ENB Emerging Dancer: What Is It Really About?

Having attended English National Ballet’s Emerging Dancer competition earlier this week, I’ve been mulling over the role of competitions within companies, and more importantly the implications of the results.

In-house competitions between dancers isn’t a new phenomenon: Paris Ópera Ballet have used this method as a means for promotion longer than most other companies have been in existence. When there’s no such prize at stake, a competition just for the sake of it seems pointless. It could be argued that it is a showcase of the young talent within the company ranks, or that it is a safe forum for the dancers to gain experience dancing solos. If the company is willing to have their dancers perform in front of a paying audience, dancing principal and soloist variations, surely they should just use them in actual ballet performances – where they have the support of the rest of the company, and they are delivering a variation in the context it was intended to be delivered, not just against a black back-drop. Many of the dancers that were taking part here have already been exposed to big occasions; Ksenia Ovsyanick and Junor de Souza having made their Giselle debuts 2 years ago.

The fact that the purpose of the competition is a mystery to me isn’t the nagging issue: choosing a winner is a huge endorsement of the victorious dancer, and no matter how many times the judges mention how difficult it was to come to a consensus, singleing a dancer out as the best is a strong statement of how people will look at the company and ballet as a whole.

Yonah Acosta was announced the winner on this occasion (he also won the audience award) for his renditions of Basilio’s variation from Don Quixote and the variation from Diana and Actaeon pas de deux. Not to take anything away from this extremely talented young man – his dancing was exciting and technically proficient – but given that one of the judges, David Wall, prefaced the announcement of the result by saying that dancing isn’t about pyrotechnics, but about baring your soul on stage, completely went against their decision. I’m sure Acosta is no one-trick-pony, but both his solos are famous for their pyrotechnics.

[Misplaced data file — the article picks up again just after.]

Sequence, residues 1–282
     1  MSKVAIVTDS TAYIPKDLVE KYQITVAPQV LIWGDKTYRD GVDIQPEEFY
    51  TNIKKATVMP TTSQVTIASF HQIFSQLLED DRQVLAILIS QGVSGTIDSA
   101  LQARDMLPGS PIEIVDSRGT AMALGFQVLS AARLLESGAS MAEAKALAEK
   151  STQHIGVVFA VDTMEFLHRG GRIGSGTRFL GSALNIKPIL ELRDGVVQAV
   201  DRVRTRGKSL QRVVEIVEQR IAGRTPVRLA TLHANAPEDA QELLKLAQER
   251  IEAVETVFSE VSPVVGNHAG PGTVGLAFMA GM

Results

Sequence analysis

Other dancers gave a much broader account of themselves – showing both classical and contemporary technique. Nancy Osbaldeston stood out for me: although in her Paquita variation she had a slight technical hitch, she exuded regality and a reverence for classicism – this was then balanced out by a jazzy solo, choreographed by herself, which had every step in the book in it, but which didn’t get in the way of it being a vehicle for her ebullient personality. Ovsyanick and Barry Drummond both showed diverse repertoire, delivered with assurance and moments of brilliance.

As an evening of dance, I enjoyed seeing some dancers I hadn’t seen much of previously, and some repertoire which is hard to come by. I did leave feeling short-changed though, as I felt the work of the other dancers went under-credited. Explosive performers like Acosta will always have their place on the stage, but I think if ballet is to avoid going further down the road of the circus act, companies like English National Ballet don’t need to stop endorsing the pyrotechnical dancer, but start embracing those with other talents too.

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